When to say YES, even when it costs
At one of our venues, our producer - and the owner of the horses we are performing with - asked us to pay for an equestrian trainer to be present for all our rehearsals. The price tag for this was very high. I knew the request carried with it important information. This was our second project with these horses. The first had gone well but there were some equine issues not fully attended to. The unexpected price tag for a trainer carried with it important information about our commitment to the well being of her equines. I believe she was indirectly asking us to financially commit to her horses. And I knew it was not my place to question this request or attempt to negotiate. Our company manager and I launched a concerted search for funding sources. We kept the producer fully informed of our fundraising. Update: We are still waiting to hear from The Arabian Horse Foundation and several other sources. More importantly our producer recognized our commitment. Update: The owner has offered to help us with this expense.

When to say NO
In another venue the producer asked that we title our press release: Dancing with the Stars. Now this was not acceptable to me. I was willing to go to the mat about this, as Dancing with the Stars was not at all what we would be doing!! Our objections encountered lots of resistance. I questioned how far the gratitude needed to be stretched. I worried that we were offending in sticking to our guns. But I also felt this was a necessary battle to fight.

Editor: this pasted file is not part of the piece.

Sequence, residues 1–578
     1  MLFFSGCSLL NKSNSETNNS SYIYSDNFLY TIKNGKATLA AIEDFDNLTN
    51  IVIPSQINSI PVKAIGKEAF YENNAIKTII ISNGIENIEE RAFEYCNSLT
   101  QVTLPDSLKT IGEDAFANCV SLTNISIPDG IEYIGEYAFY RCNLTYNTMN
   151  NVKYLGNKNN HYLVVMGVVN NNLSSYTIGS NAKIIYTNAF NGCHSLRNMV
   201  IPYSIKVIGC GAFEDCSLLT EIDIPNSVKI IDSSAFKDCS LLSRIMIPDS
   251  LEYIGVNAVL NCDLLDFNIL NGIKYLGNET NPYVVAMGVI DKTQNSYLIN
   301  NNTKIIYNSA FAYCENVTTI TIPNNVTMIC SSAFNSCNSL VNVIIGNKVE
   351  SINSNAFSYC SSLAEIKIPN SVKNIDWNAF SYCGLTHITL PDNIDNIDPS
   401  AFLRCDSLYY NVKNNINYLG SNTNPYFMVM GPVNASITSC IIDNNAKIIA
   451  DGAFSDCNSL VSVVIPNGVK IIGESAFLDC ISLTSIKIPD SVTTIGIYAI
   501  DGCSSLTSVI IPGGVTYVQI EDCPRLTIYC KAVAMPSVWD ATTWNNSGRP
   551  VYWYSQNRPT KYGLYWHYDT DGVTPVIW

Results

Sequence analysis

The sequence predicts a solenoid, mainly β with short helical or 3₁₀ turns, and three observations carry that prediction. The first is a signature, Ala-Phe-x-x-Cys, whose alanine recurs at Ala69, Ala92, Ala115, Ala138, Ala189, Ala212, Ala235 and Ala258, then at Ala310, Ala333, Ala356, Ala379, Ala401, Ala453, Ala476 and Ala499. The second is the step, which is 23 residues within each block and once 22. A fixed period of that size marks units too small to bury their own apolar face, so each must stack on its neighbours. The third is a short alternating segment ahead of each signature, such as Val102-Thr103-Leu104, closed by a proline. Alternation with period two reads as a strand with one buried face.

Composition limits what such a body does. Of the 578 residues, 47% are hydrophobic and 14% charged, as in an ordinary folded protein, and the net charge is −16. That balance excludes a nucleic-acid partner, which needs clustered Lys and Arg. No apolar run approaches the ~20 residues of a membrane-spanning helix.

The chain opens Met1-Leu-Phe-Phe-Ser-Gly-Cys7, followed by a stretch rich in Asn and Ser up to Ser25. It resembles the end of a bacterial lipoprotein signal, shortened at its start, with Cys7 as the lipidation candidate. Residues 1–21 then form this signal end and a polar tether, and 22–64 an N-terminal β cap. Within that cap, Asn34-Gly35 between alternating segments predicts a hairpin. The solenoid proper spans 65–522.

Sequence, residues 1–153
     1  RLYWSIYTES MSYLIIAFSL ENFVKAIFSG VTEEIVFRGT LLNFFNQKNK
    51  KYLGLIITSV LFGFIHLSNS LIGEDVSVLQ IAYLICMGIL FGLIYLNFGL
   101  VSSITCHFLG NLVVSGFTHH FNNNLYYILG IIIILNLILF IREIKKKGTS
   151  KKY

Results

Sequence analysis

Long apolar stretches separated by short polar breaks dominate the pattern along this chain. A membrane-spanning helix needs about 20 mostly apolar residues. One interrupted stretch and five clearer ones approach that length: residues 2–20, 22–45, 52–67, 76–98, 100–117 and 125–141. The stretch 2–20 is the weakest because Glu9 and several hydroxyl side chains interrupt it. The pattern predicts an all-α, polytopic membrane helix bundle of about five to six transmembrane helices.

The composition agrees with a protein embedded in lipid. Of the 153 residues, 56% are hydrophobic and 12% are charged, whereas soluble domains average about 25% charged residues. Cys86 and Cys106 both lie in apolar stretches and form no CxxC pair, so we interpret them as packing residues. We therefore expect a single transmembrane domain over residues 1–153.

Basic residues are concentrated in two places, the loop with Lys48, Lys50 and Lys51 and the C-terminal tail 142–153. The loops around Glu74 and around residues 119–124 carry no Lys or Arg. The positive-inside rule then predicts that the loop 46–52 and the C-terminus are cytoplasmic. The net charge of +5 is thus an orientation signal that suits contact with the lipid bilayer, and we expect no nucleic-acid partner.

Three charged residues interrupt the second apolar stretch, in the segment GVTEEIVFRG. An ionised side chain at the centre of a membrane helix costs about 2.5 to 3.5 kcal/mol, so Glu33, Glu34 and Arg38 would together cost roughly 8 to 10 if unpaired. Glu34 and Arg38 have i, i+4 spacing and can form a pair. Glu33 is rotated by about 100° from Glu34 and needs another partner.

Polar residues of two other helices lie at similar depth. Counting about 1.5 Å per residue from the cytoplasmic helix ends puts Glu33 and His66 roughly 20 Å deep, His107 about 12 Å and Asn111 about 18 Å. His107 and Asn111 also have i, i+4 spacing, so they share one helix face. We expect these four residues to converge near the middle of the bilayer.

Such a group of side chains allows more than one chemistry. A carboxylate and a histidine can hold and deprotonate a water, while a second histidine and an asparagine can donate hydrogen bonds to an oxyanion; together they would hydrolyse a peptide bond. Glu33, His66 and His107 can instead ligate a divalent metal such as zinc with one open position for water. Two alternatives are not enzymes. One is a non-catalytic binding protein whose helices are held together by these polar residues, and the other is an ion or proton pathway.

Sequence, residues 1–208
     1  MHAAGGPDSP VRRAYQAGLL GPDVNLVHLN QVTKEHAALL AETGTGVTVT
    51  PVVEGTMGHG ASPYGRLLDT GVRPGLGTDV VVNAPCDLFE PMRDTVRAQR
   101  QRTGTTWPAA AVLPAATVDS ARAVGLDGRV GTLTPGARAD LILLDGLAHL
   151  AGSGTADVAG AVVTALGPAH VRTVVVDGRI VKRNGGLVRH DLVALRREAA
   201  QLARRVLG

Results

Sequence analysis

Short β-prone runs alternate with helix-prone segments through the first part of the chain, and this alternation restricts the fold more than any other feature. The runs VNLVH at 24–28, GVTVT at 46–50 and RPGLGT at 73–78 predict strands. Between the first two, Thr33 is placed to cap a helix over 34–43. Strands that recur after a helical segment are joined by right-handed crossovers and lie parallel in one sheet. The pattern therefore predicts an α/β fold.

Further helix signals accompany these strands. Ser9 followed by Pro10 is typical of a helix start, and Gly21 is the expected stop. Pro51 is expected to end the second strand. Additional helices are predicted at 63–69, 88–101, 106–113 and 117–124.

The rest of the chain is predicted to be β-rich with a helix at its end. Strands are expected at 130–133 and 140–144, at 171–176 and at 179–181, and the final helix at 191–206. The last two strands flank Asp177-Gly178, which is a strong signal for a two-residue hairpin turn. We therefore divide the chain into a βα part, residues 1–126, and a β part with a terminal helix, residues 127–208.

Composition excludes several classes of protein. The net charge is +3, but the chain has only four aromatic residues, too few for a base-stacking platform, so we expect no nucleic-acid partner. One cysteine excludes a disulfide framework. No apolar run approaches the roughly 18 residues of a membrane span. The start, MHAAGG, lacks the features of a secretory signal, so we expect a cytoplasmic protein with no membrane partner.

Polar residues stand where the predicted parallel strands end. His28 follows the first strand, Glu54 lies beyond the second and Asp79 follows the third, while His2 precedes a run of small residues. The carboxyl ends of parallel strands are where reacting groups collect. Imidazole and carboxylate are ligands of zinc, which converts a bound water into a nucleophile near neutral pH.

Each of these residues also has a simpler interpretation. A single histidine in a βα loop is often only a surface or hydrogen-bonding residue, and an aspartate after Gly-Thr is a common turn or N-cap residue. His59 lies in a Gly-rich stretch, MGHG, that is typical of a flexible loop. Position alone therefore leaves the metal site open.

Sharing Ownership of the Work
We are learning that we MUST give local producers ownership of the project. And with that partial ownership comes the freedom to promote our work in a way that will communicate effectively with the local population.

One step beyond the promotion is the content of the work itself. We must balance our own aesthetic priorities against the need to appeal to a local audience. What do Texans want to see? I am very clear that this question must be answered in a way that does not compromise the work. Then again there is the site-specific-ness of a project: What kind of piece do you make in a bull-running arena in Helena, Montana? It would be wise to acknowledge the cowboy energy that permeates a bull running arena.

When a producer brings you in for the first time, the visit is surrounded by that first date kind of excitement. After the first date comes the Let’s see what else you can offer date. With our hub sites we are not on a first date basis any longer. Our current projects are in the 2nd or 3rd date stage. At this stage we must make an investment in a community.

During the making an investment stage the in-kind donations diminish or at least shift. Things that were gratis must now be paid for. We are discovering that the ASK must be different.

I am looking down the road and asking, what will this scenario look like after the 3rd date? That remains to be explored.

For now we are on our 2nd date and making sure we are doing some serious listening.